There's quite an interesting discussions in the comments section to yesterday's post about self-driving cars. A number of people are clearly doing more thinking than the technologists and bureaucrats pushing this concept on a (mostly) unwilling public. It's worth your time to see what a good security brainstorming session looks like.
I want to expand on this here, because it seems that the biggest obstacles are not technical, but rather social. Here are some, in no particular order:
1. Self-driving cars will never be cool. The lure of the open road has left Americans spellbound for generations. The nerd playing X-Box 2025 will never be as cool as this, ever:
The Rebel lacks a cause, but meekly complies with all traffic ordinances. I think it's quite a serious mistake to bet against cool.
2. You can't get rid of non-self driving cars. Look at this car:
This car is not cheap, and more importantly is only driven infrequently as a hobby. So think about who owns a car like this - it's not some backwoods redneck, it's someone with serious wealth. If there's one thing that is abundantly clear it's that rich people don't take well to the Government taking away their hobbies. So the self-driving car systems will be forced to deal with non-self driving cars.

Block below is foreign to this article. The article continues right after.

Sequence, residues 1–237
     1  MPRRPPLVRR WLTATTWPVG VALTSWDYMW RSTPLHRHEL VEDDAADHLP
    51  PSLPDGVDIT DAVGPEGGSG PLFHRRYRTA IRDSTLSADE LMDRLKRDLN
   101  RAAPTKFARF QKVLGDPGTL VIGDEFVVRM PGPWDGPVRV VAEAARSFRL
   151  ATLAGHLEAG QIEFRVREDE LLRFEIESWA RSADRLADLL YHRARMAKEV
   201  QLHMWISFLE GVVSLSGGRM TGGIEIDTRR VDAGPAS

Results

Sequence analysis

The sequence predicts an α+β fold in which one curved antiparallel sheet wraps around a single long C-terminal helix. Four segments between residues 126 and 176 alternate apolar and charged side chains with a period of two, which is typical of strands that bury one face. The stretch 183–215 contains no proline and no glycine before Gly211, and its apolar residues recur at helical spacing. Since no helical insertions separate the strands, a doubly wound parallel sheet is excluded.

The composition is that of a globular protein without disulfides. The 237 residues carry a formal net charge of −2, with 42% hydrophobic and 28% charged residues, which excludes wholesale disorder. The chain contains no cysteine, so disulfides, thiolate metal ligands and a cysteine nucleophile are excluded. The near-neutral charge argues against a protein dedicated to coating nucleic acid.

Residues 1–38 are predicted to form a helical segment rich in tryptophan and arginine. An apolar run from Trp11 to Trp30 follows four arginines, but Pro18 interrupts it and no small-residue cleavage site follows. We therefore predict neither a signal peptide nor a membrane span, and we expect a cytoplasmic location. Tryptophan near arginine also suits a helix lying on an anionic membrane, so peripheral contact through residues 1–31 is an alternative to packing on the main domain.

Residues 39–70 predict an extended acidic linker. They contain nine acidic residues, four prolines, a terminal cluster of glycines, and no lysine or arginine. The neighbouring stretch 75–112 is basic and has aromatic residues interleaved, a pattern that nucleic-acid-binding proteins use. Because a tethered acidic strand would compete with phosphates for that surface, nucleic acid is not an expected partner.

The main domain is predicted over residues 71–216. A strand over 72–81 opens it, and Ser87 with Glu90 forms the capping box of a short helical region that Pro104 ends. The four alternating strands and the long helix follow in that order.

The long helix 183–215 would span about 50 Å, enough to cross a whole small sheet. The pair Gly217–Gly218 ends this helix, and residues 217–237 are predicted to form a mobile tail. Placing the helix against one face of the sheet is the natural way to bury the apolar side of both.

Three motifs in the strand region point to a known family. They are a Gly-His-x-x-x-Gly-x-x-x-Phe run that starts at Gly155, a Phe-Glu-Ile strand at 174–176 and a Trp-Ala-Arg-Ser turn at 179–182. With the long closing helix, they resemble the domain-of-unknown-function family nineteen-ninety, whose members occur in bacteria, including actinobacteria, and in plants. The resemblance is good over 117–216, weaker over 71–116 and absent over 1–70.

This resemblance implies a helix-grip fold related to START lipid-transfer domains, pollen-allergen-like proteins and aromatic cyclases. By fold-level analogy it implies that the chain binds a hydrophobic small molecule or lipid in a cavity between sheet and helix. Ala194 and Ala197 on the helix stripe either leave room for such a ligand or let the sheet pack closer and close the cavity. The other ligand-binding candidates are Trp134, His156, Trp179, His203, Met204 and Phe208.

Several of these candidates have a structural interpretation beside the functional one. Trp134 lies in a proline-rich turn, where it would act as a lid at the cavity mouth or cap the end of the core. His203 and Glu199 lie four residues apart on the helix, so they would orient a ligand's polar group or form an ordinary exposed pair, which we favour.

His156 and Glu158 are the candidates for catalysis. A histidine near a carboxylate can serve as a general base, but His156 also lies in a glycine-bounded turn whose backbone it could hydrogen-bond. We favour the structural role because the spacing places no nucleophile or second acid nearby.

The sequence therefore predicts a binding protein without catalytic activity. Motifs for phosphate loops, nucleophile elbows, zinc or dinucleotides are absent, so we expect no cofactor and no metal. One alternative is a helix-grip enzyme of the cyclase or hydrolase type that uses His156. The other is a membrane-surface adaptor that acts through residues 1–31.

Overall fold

3. Government Agencies exist to collect power for the Government Agency. We can expect that they will be the biggest backers of mileage limits.
Make people fly more, so you will need more TSA screeners. The proof? TSA is already trying to get into the train travel and roadblock business.
None of these are technology objections, they are societal limitations on deploying a system that will live up to the billing. The system simply cannot improve road use, or mileage, or safety, because society won't let this happen.